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Council pledge donation toward vital heart monitoring equipment
30 July 2019
Council pledge donation toward vital heart monitoring equipment
Taupō Hospital is one step closer to the purchase of critical heart monitoring equipment after Taupō District Council agreed to make a donation toward the cause.
 
The decision was made to donate $30,000 toward an echo cardiogram heart scanner for the hospital at today’s council meeting following an impassioned plea from the Taupō Health and Hospital Society.  The society has already fundraised $253,000 toward the purchase of the equipment, which is expected to cost $350,000.
 
Chief executive Gareth Green said the decision was made to donate money from interest accumulated in the council’s TEL fund so would not impact the ratepayers.
 
“This is the kind of project the TEL fund was set up to support so it’s great we’re able to contribute to the society, the hospital and the community in a meaningful way,” Mr Green said.
 
An echo cardiogram gave patients quick assessments for cardiac size, structure, function and blood flow. It was used on people of all ages for everything from chest pain to abnormal heart rhythms, stroke, palpitations, murmur and heart defects.  It was also sometimes required prior to surgery and for those having chemotherapy.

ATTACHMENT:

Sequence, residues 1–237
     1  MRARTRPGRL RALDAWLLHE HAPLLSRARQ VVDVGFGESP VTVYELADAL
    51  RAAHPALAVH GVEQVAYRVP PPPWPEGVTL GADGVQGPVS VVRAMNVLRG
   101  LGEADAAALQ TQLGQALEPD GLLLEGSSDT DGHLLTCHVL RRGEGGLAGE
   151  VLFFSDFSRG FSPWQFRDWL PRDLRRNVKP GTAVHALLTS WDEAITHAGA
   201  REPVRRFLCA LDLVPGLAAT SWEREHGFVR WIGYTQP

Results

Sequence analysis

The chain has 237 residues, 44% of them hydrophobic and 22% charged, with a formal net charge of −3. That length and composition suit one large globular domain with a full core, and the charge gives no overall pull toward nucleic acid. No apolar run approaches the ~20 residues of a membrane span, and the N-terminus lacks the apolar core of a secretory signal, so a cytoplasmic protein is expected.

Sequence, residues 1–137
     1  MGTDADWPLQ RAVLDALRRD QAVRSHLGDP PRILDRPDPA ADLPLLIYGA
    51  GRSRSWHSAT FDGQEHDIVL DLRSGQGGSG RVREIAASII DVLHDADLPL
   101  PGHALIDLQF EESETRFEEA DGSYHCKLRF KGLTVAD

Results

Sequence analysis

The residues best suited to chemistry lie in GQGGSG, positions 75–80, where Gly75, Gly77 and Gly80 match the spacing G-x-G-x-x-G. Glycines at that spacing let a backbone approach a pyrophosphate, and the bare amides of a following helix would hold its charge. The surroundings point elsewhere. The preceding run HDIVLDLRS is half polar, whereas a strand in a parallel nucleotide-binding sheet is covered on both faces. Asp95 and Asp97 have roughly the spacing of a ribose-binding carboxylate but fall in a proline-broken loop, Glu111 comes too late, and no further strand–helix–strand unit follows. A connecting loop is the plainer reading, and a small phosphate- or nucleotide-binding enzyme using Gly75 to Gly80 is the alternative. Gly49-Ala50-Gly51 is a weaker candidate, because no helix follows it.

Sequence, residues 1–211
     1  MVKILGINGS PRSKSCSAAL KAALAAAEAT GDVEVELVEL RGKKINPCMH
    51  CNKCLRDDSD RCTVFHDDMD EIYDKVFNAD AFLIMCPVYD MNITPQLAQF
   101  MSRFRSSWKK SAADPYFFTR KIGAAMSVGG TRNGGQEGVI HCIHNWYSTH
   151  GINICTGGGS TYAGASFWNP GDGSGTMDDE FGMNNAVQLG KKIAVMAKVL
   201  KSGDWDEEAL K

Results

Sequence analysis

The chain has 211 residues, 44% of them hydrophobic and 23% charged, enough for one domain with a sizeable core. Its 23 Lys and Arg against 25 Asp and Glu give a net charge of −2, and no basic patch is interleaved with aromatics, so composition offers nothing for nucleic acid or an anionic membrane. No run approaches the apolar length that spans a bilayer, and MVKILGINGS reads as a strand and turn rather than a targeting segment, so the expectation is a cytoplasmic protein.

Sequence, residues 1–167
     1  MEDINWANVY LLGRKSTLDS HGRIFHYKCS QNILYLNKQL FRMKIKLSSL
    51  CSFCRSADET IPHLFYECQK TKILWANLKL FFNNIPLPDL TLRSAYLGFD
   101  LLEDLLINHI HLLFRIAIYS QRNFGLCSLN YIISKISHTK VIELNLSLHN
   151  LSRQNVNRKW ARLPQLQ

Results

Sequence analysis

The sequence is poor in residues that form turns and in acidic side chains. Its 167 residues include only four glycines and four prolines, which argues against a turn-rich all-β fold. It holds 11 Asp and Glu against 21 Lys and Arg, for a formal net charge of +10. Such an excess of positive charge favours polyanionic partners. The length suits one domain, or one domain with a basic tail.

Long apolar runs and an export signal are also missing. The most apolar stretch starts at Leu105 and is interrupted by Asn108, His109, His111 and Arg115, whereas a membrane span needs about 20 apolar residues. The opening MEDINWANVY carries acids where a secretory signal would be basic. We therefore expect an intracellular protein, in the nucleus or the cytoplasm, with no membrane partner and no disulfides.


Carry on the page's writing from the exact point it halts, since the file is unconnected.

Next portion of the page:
At the moment, patients requiring the use of an echo cardiogram had to travel to Rotorua Hospital for the procedure, costing time and money. The equipment would benefit many in the Taupō District and it was great the council was able to support the community in this way, Mr Green said.
 
“The council’s donation will mean the hospital gets the equipment sooner and support a collaborative community fundraising effort,” he said.
 
The Taupō Hospital and Health Society was formed to assist with the continuation and development of health care services for all people within the Taupō District and has been fundraising for the equipment since its AGM in September last year. It said the need for an echo cardiogram from Taupō and Turangi patients had increased by 35 per cent in the past five years and there was a waiting list for its use in Rotorua.